Although food service covers a wide variety of occupations, food service workers generally are considered as those who are counter attendants at cafeterias in schools, businesses and hospitals, as well as those who do food preparation and set-up. Food service workers also are employed at concession stands, fast food restaurants and food court areas in grocery stores, department stores and malls. Additionally, counter attendants at coffee shops who do limited table-waiting are considered food service workers. Many of these jobs are part time and salaries generally are low.
Median starting salary for food service workers in 2009, according to the PayScale salary survey Web site, ranges between about $7.60 to $8.90 per hour. Those with at least five years' experience can expect to make between $8.30 and $11 per hour. Those employed for more than 20 years are making top salaries of about $13.40 per hour.
Fast Food Workers
PayScale shows fast-food workers, in particular, as earning between $6.80 and $7.90 per hour starting wages, with very little increase for experience. A fast-food worker with nearly 20 years of experience typically is making around only $9 per hour.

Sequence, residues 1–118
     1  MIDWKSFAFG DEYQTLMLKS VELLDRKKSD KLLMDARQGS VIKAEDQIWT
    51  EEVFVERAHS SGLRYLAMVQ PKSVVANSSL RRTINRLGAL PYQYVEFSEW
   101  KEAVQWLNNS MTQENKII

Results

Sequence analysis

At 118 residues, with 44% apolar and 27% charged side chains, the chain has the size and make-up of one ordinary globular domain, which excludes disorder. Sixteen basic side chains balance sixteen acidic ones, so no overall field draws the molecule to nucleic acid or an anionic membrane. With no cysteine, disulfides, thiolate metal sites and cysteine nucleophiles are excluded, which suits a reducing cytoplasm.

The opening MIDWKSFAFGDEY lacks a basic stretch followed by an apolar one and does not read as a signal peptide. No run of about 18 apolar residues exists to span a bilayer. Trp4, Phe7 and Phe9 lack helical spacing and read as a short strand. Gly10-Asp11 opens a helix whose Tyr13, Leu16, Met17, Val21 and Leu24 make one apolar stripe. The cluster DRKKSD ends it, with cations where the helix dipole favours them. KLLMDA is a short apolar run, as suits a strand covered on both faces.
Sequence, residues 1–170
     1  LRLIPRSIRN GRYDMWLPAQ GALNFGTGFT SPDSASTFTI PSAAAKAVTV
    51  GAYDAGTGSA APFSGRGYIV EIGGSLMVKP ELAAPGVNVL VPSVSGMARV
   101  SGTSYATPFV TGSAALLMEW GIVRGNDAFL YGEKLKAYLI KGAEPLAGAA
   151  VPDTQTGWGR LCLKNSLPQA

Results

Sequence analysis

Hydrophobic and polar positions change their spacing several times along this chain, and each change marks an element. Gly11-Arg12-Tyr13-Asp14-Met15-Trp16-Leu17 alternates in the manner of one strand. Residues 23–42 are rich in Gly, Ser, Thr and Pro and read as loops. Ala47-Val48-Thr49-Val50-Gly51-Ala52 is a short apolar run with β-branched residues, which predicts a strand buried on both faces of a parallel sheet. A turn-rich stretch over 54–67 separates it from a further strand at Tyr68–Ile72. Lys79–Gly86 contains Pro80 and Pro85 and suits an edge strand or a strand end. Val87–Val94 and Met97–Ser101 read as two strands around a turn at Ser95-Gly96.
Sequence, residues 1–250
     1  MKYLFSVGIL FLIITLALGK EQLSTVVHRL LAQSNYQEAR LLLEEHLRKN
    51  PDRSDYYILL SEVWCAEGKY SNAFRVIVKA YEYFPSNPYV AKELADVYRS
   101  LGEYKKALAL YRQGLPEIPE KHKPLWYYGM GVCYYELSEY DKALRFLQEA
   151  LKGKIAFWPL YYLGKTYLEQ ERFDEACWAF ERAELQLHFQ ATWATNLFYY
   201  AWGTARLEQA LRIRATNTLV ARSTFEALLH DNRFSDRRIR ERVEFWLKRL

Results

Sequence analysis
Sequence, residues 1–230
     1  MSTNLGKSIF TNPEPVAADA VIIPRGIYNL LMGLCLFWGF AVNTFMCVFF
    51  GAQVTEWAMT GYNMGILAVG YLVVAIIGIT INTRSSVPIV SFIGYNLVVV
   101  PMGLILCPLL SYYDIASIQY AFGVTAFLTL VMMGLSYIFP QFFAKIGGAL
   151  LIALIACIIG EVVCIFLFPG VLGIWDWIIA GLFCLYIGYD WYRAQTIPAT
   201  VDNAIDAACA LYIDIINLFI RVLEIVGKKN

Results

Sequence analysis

According to the U.S. Bureau of Labor Statistics, or BLS, the average hourly wage for food service workers in 2008 was between about $8.40 to $8.90, or between $17,500 and $18,500 annually if employed full time. This includes counter attendants and food prep workers in cafeterias, food concessions, coffee shops, fast-food restaurants and take-out places. A total of 90 percent of these workers were earning between $6.60 and $11.80 per hour.
Some particular types of employers pay food service workers higher than average, although opportunities may be limited because not as many jobs are offered by these companies. Rail transportation services, for instance, pay food service workers an average salary of about $15.50 per hour or over $32,000 per year. However, railroad companies only employ about 160 food service workers total, compared with companies classified by the BLS as limited-service eating places, which employ over 2 million of these workers. The U.S. government employs about 8,200 food service workers and pays them an average of $14.15 per hour. General merchandise stores employ about the same number, paying about $12.50 per hour on average.
Limited-service eating places, defined as food services where customers typically order or select items and pay before eating, were paying an average between $8.00 and $8.50 on average in 2008. Additional opportunities are available at grocery stores, which pay about $9.90 on average, and elementary and secondary schools, paying between $9.80 to $10.30 on average. Food service workers employed by special services such as caterers made an average of about $9.70. Those working at movie theater concession stands were making about $8.20 per hour in 2008.
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